Ethereum also uses the blockchain to record what are referred to as “smart contracts.”

Ethereum advocates say these smart contracts — computer programs that automatically execute an agreement if certain conditions are met — could upend industries that currently rely on costly middlemen, like insurance, banking and copyright management.

Both of these examples are fairly well established altcoins with well-understood objectives.

But in the past five years we’ve seen the emergence of many thousands of new altcoins, each claiming to solve a problem or provide a new application for blockchain technology.

Types of Altcoin

Altcoins now come in many shapes and sizes, but they can be roughly broken down into four types.

Native Cryptocurrencies

Native cryptocurrencies are the coins that were created to be run on a specific blockchain network. The native coin of Bitcoin, somewhat confusingly, is also called Bitcoin.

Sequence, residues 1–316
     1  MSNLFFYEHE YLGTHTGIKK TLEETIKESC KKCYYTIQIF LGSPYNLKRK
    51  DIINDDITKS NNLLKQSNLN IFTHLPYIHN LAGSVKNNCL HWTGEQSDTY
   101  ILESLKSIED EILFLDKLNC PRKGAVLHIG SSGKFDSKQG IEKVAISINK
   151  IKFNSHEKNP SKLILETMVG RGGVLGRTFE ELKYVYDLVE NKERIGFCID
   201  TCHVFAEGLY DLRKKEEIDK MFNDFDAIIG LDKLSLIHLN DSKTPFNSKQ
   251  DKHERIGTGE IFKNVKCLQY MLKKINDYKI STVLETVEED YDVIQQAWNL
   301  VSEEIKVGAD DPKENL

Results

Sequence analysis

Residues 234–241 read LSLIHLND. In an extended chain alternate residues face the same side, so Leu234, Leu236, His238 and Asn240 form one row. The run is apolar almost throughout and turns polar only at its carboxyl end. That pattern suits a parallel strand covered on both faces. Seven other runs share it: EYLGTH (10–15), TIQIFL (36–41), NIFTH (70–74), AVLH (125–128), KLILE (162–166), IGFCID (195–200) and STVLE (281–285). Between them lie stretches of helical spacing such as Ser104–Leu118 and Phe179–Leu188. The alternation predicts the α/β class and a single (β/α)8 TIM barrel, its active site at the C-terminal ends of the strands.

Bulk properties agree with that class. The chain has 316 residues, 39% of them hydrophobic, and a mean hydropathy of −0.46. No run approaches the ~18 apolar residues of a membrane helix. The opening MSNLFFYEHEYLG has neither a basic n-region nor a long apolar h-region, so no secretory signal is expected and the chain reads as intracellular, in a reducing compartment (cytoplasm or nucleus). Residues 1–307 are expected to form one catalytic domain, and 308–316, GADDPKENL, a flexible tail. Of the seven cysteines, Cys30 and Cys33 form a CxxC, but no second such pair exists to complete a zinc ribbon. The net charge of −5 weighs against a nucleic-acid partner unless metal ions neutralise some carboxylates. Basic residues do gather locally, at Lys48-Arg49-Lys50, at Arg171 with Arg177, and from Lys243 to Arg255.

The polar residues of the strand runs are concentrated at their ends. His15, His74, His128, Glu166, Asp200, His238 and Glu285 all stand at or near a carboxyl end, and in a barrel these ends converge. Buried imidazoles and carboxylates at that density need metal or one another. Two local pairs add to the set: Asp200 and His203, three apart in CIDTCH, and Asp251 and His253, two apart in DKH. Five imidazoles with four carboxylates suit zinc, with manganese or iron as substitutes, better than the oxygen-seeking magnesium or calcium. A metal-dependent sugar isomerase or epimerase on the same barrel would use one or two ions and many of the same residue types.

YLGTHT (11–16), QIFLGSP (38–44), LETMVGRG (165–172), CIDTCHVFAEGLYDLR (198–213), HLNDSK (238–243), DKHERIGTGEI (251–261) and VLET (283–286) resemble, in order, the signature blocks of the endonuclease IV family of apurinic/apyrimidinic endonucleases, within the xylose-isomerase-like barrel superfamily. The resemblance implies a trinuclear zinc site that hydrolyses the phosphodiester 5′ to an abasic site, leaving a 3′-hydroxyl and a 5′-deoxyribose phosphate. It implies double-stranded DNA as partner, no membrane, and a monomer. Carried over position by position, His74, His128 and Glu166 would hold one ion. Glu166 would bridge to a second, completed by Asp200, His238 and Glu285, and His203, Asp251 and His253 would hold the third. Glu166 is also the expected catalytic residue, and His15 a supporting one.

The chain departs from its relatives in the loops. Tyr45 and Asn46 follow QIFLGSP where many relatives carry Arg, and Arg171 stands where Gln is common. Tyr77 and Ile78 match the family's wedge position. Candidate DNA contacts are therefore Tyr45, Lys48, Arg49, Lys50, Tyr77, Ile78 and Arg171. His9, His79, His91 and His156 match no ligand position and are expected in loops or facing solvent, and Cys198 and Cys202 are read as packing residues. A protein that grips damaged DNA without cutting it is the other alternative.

The native coin of Ethereum is called Ether, and Binance coin (BNB) is the native coin of the Binance chain.

These coins are best understood as variants on Bitcoin. They operate as cryptocurrencies, albeit with slight differences from Bitcoin, and can trade at different prices than their better-known competitor.

Tokens Altcoin

Tokens operate like mainstream cryptocurrencies, but you can only use them within specific environments.

Think of a token altcoin as like the physical tokens you sometimes get when you go to the arcade or the fair. You swap some real currency into tokens, and these can then be used to buy specific goods and services.